Companies have a wide range of possibilities for market entry strategies; however, they need to choose the right one for each market, bearing in mind the particular circumstances (Johnston 1998:101). When making marketing decisions, the service exporter should keep in mind some universal characteristics of services that set them apart from goods: intangibility, degree of inseparability, human intensiveness, propriety knowledge, perishability, and heterogeneity (Reif 1997:19). Depending on the service, one particular quality may be more applicable than the others.
The combination of services’ intangible characteristics, along with other qualities, expand both the possibilities and obstacles for international market entry strategies of service providers, and any market entry strategy must be accompanied by a clear understanding of what delineates the difference between a service and a goods export (Reif 1997:20). There are several proven market entry methods and channels that a service exporter can utilize without the resource commitment necessary for foreign direct investment.
Every service provider must decide which method of market entry will provide the greatest chance of market penetration. According to Reif, a service firm’s success will depend on four factors such as alliances with local companies, the ability to protect intellectual property, advertising, and marketing strategies and access to financial resources. Also, what marketing venue the firm decides to take will ultimately depend upon its internal capacity and creativity drive, and tenacity of its overseas partners.
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Market entry methods consist of all the possible alternatives to developing a business presence in a foreign market. Three major market entry strategies available for the service provider are exporting, contractual agreements and foreign direct investment (Reif 1997:21).
A business deciding to offer its product outside its domestic home market has various entry strategy options such as: exporting the product already produced for the home market; licensing the product idea or production supplies to a third party who operates across national boundaries or in overseas markets; franchising arrangements – such as McDonald’s outlets in many countries; joint venture between a domestic company and a foreign company or government, or strategic alliance to form partnerships across national boundaries; the use of trading companies, that provide links between buyers and sellers in different countries; or foreign direct investment – possibly including the acquisition of an established business – which is long term commitment to a non-domestic market and is resource-demanding (Dibbs 2004:220).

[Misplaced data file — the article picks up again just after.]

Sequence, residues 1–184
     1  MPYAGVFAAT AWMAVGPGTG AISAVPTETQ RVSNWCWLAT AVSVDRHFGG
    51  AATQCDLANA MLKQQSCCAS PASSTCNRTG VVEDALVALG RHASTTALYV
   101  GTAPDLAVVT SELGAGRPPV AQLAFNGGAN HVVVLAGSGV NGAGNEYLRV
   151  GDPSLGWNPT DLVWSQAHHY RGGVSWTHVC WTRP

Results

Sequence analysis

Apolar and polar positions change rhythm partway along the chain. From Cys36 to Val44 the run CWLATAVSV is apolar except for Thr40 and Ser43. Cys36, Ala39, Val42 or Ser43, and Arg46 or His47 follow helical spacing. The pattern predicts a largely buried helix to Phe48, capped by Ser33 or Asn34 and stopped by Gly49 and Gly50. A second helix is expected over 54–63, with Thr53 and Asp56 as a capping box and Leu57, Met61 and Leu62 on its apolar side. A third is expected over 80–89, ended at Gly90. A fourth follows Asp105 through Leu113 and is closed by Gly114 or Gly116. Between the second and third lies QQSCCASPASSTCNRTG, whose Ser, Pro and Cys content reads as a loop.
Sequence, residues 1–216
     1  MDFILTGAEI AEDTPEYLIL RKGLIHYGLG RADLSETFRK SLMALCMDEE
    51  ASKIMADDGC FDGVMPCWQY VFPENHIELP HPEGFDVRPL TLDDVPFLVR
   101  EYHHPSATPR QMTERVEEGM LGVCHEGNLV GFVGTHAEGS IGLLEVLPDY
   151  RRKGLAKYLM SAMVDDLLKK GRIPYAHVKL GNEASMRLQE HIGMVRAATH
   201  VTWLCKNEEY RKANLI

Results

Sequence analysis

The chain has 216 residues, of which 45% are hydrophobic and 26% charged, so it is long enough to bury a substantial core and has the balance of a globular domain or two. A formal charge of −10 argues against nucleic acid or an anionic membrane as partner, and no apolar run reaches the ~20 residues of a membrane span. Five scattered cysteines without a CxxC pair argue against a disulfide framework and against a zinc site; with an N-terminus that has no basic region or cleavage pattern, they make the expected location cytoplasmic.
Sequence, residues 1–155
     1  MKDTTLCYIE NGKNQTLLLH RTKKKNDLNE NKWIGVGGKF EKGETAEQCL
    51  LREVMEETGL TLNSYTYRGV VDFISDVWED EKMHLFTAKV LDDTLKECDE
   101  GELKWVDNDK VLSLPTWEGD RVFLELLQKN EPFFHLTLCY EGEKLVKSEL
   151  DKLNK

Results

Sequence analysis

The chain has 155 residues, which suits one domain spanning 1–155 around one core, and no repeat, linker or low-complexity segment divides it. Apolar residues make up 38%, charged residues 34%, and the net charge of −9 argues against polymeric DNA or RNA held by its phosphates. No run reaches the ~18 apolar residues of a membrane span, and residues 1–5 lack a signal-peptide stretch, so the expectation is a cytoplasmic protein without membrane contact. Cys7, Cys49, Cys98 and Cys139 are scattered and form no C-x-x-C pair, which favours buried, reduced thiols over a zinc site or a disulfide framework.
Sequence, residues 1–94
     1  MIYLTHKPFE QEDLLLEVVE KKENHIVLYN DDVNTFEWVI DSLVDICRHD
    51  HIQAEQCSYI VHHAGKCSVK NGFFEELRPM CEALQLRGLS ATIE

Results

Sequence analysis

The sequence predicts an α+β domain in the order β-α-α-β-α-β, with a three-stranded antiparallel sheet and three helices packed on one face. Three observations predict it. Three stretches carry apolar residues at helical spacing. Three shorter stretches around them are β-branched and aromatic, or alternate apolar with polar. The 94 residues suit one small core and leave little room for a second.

The degree of commitment begins, as it were, with direct selling overseas (exporting), and ends with a complex business investment in foreign markets such as a production facility or international joint venture (Copper 1998: 322). According to Copper, firms will engage heavily in international business operations tend not to make distinction between home and overseas business, just like for example, Zeneca, the major UK pharmaceuticals producer, which makes this a plank of its mission statement.
Regardless of a firm’s market entry decision, the particular strategy that drives a services firm must correspond with the legal framework for business that exist in a targeted country, and the requirements concerning the scope of practice and legal structure of business should be carefully examined (Reif 1997:21). Choice of market entry depends greatly on variable factors such as current regulatory policy and the extent of domestic competition.
Relationships are going to become increasingly international with inter-firm cooperation pning a multiplicity of cultures, languages, and outlooks, thus, the international marketing in the future will almost need more competencies in communication and relationship management than even in the immediate past.
List of References
Cooper, C. L., & Argyris, C. (1998). The Concise Blackwell Encyclopedia of Management. New York: Blackwell Publishing.
Dibb, S., & Simkin, L. (2004). Marketing Briefs: A Revision and Study Guide. New York: Butterworth-Heinemann.
Johnston, S., & Beaton, H. (1998). Foundations of International Marketing. London: Thomson Learning EMEA.
Reif, J., Ditterich, K. M., Larsen, M. G., & Ostrea, R. A. (1997). Services--the Export of the 21st Century: A Guidebook for US Service Exporters. New York: World Trade Press.
Stone, M. A., McCall, J. B. (2004). International Strategic Marketing: A European Perspective. New York: Routledge.
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